Two former Met greats say goodbye
Neither John Olerud
nor Rickey Henderson
was with the Mets for very long, but both made an impact in their own way. Henderson only spent about a year and a half of his first ballot Hall Of Fame career in the orange and blue, and he's as remembered for playing cards with Bobby Bonilla
as the 1999 NLCS ended as for anything he did on the field. But he had quite a year in 1999, hitting .315/.423/.466 for the Wild Card Mets. It doesn't seem like anything official has come out yet, but word around the winter meetings is that Henderson is finally retiring, twenty-six years after his first major league season. There will never be another one quite like Rickey.
Olerud was with the Mets a bit longer, from 1997 to 1999, and his excellent offense and defense played an important role in the Mets' late-'90s success. He now holds the top spot on the Mets' career and single-season lists for batting average and on-base percentage and is also the franchise's career leader with a .926 OPS. He won't wind up in Cooperstown, but he had a long, impressive career. He hit .295/.398/.465 over seventeen seasons with five teams, racking up 2239 hits and 1275 walks in 2234 games. He was a quiet, classy guy and his departure left a hole that it took the Mets six years to fill. He will never truly be replaced.
Mets appease fans nostalgic for the old days of inexplicable trades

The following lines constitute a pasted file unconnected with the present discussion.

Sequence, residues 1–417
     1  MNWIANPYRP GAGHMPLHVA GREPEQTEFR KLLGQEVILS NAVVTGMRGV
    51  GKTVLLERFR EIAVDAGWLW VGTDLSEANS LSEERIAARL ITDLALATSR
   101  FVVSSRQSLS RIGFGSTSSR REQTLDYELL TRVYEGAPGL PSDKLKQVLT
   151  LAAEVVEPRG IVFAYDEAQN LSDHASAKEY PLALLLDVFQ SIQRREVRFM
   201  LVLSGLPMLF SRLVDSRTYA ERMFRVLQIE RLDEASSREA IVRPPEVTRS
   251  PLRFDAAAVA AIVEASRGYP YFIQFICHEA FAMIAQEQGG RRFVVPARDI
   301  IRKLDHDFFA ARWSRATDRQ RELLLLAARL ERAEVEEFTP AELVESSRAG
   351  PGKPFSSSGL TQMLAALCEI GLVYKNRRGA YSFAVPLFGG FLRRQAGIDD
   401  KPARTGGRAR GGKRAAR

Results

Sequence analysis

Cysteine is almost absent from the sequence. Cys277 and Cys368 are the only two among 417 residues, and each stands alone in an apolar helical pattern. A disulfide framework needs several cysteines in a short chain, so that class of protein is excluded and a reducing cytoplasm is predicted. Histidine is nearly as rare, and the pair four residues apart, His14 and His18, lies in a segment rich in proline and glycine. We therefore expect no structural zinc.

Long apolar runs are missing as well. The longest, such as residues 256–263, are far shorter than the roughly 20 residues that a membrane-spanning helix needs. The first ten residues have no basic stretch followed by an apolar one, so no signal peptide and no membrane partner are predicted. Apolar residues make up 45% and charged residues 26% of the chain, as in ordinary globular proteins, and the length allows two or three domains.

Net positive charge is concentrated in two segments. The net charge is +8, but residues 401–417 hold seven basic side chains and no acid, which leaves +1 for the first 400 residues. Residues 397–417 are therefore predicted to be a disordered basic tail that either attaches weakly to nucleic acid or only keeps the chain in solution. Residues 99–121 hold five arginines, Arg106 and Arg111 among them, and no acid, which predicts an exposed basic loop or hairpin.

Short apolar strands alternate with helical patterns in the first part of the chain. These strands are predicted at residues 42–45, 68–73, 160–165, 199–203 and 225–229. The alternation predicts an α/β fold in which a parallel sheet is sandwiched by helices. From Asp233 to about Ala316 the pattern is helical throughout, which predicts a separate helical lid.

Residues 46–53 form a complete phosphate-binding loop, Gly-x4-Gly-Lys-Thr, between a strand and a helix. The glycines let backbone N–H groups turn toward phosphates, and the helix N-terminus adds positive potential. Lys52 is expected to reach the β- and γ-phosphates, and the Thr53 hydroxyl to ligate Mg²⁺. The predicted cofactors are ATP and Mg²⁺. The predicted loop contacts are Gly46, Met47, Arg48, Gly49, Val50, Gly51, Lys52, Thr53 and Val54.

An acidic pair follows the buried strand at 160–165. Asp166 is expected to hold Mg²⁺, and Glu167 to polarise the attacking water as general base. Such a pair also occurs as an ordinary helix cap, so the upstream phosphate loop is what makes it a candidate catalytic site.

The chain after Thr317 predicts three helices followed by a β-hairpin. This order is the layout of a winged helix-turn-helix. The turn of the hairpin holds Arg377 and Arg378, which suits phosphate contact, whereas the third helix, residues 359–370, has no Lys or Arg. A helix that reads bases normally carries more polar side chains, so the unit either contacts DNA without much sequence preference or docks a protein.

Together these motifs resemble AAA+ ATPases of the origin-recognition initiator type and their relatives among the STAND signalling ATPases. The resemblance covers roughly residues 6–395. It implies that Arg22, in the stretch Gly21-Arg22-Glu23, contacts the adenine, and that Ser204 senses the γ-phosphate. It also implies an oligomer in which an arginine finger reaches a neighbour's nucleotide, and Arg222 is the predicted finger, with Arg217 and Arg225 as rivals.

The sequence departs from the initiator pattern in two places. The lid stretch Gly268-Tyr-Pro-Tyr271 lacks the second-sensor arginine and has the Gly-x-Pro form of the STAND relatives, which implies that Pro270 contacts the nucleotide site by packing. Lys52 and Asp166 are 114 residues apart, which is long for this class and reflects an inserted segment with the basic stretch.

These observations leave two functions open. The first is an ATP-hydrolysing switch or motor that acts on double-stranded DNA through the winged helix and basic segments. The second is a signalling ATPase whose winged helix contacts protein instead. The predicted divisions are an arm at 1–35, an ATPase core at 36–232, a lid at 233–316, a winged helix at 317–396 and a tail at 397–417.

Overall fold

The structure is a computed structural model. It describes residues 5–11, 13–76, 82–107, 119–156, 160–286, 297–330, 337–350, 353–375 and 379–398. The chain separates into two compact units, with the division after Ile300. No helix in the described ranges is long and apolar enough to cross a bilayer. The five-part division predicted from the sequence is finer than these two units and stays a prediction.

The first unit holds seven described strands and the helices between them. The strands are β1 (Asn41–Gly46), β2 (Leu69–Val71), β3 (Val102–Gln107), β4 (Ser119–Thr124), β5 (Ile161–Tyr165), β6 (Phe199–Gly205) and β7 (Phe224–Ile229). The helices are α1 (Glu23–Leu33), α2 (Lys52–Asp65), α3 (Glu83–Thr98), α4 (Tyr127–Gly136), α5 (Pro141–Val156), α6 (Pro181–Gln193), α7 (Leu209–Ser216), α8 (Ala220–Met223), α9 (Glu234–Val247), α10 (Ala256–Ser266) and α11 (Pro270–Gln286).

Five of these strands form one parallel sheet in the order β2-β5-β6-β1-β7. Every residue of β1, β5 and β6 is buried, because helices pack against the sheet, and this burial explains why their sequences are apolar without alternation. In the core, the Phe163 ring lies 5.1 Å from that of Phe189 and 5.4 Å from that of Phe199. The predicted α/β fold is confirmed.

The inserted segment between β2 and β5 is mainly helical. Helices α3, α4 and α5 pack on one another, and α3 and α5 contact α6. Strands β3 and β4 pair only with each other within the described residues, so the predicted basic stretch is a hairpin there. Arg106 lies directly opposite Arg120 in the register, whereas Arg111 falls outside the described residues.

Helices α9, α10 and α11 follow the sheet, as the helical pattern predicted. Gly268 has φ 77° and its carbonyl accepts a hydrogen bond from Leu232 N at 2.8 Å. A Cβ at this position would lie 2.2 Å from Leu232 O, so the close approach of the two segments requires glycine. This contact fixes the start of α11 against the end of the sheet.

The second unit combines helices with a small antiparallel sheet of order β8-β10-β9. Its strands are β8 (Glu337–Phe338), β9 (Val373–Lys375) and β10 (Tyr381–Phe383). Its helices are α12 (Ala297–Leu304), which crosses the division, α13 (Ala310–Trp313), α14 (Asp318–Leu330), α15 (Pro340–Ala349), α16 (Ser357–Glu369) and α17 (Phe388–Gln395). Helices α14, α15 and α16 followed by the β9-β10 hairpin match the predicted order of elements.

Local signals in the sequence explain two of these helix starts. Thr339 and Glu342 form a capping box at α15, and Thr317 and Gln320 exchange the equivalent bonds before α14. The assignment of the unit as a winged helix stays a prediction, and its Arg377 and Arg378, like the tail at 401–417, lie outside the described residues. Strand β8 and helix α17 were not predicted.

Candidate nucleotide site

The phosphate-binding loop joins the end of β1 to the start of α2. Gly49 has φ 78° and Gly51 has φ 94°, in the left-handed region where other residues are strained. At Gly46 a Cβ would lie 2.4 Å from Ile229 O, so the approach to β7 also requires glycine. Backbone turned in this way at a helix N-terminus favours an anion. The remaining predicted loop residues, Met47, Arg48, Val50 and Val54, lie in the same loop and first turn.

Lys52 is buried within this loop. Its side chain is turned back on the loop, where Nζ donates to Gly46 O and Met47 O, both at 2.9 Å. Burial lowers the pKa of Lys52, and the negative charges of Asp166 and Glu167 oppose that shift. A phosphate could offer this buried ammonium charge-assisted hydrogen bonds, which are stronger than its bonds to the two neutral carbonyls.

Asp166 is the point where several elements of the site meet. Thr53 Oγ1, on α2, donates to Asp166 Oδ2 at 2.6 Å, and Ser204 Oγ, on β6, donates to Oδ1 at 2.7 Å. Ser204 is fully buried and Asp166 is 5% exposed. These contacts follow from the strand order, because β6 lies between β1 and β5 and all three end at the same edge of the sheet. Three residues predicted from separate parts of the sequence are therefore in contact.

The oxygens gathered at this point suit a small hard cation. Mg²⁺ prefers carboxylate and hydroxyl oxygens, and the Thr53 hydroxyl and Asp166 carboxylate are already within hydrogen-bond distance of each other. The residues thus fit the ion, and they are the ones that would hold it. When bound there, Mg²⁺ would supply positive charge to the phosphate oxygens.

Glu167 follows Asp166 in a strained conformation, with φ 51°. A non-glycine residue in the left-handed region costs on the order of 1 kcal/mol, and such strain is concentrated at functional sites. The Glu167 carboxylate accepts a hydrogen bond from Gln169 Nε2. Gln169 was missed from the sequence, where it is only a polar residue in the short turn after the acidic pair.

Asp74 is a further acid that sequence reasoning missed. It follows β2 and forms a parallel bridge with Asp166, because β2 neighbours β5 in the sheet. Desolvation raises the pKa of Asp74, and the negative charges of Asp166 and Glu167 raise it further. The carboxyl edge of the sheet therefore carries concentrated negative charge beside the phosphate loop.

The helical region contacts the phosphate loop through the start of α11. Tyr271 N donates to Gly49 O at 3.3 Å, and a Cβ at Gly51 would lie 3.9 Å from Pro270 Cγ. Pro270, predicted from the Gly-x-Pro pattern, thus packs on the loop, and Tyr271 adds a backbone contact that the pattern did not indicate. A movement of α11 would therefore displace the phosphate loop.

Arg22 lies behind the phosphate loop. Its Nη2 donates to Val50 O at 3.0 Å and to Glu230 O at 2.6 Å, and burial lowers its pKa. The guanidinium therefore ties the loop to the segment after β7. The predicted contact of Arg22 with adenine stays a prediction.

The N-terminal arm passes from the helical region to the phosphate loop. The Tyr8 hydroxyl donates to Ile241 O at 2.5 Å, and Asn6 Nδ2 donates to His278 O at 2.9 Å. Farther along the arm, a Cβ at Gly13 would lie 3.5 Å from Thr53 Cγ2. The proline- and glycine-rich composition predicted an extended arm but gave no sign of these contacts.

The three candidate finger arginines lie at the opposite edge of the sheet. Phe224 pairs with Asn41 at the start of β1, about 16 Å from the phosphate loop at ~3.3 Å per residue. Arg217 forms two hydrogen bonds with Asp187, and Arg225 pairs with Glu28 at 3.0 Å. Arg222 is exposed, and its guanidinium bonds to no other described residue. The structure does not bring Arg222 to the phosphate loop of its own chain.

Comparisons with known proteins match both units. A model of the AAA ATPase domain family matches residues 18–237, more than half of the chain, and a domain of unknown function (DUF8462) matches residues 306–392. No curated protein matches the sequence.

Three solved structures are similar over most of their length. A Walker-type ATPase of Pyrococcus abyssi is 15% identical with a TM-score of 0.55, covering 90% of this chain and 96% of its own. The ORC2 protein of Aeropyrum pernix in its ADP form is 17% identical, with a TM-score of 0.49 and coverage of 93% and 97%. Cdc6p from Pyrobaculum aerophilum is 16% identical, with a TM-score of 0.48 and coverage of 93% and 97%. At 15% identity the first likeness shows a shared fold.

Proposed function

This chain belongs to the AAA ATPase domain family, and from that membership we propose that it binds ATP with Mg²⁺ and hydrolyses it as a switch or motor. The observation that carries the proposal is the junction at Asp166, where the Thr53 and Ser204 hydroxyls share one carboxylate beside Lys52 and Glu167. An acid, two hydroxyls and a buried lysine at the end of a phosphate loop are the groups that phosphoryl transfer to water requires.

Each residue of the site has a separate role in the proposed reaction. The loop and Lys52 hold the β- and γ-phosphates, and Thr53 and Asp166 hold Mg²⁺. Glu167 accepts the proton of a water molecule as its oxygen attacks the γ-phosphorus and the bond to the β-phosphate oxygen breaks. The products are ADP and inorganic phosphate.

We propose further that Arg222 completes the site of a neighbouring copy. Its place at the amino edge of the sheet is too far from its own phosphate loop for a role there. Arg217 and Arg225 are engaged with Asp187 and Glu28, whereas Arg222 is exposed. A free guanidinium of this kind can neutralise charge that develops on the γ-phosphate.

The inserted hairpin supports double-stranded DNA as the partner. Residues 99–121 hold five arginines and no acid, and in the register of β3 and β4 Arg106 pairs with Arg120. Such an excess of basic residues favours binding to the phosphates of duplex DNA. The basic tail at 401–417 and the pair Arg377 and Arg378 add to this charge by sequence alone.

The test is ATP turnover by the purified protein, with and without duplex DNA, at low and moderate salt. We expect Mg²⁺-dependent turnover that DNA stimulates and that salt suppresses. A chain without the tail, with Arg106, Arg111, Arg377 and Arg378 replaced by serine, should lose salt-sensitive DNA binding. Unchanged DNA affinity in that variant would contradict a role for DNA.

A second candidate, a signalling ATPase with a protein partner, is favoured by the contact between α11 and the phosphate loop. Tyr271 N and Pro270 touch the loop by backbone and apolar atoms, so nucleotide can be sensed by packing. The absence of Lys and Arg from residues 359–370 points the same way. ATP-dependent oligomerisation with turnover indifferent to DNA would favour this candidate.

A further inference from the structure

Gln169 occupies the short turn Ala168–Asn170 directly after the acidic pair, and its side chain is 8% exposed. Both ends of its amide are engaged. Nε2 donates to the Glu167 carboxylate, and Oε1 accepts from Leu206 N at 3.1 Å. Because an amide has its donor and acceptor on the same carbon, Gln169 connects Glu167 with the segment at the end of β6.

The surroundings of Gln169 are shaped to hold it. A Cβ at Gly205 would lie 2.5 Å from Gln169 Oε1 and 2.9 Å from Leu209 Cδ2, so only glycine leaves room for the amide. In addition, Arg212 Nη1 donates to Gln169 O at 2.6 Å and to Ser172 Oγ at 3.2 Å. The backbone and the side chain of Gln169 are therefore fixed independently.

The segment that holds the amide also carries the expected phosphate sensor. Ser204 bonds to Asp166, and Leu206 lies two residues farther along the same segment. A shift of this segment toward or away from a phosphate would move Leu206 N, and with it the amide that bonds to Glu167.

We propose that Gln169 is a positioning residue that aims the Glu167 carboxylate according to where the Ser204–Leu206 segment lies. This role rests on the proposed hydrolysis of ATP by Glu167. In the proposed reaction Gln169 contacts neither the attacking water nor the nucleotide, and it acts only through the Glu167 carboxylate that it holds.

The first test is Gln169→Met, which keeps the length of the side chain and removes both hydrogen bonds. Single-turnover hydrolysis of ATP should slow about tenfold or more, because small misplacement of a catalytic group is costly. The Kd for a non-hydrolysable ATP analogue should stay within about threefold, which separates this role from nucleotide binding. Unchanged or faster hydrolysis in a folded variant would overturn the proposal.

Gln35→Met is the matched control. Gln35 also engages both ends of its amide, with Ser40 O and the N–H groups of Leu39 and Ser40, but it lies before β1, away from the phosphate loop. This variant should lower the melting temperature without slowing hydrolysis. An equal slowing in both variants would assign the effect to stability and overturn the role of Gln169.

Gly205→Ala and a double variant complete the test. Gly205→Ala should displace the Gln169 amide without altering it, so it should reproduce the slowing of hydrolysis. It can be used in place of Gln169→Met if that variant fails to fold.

The Mets have acquired catcher Paul Lo Duca
from the Marlins
for minor league pitcher Gaby Hernandez and another as yet unnamed minor league pitcher. Hernandez had been the best pitching prospect in the Mets' system for a good week and a half following the trade of Yusmeiro Petit to Florida in the Carlos Delgado
deal. Hernandez is only nineteen years old and a long way from the majors, but he had put up excellent numbers in rookie ball and low A ball before having some trouble in high A. He had a lot further to go than either of the two top pitching prospects the Mets have traded in the last year and a half. But given that the top honor now goes to either a guy who hasn't signed yet or a guy recovering from Tommy John surgery, this trade has really left the ranks of Mets pitching prospects barren.
And for what? The New York Daily News says that Lo Duca "is regarded as one of the top offensive catchers in the game". I wonder if the people who regard him as such realize it's not 2001 anymore. Last year he hit a dismal .283/.334/.380 and that was the second time in the last three years that his slugging percentage was .380 or lower. Even free agent defensive specialist Bengie Molina
has managed to slug .400 each of the last three years. Molina's played in a better offensive environment than Lo Duca has, but when a player needs his numbers to be put in context to explain why he didn't hit as well as Bengie Molina, he's not going to be much of an offensive force in any environment. Lo Duca just isn't a good hitter anymore. And he's never been known as a good defensive catcher. The Daily News also brings up his reputation as "a team leader and positive clubhouse presence," but really, that's the sort of thing you say about a guy who's actual baseball abilities don't merit much praise.
So for this nice guy who's not very good at playing baseball, the Mets gave up Gaby Hernandez. And another pitcher. And, oh yeah, 12.5 million dollars over the next two years. The only thing that made sense about the Mike Cameron
deal was the money the Mets saved. And now they've given that all away to a guy who didn't even hit as well as Ramon Castro
(.244/.321/.435) last year. There is some speculation that perhaps the Diamondbacks
want Lo Duca as part of a deal for Javier Vazquez
, in which case this may make sense. But if not, this is a really awful trade.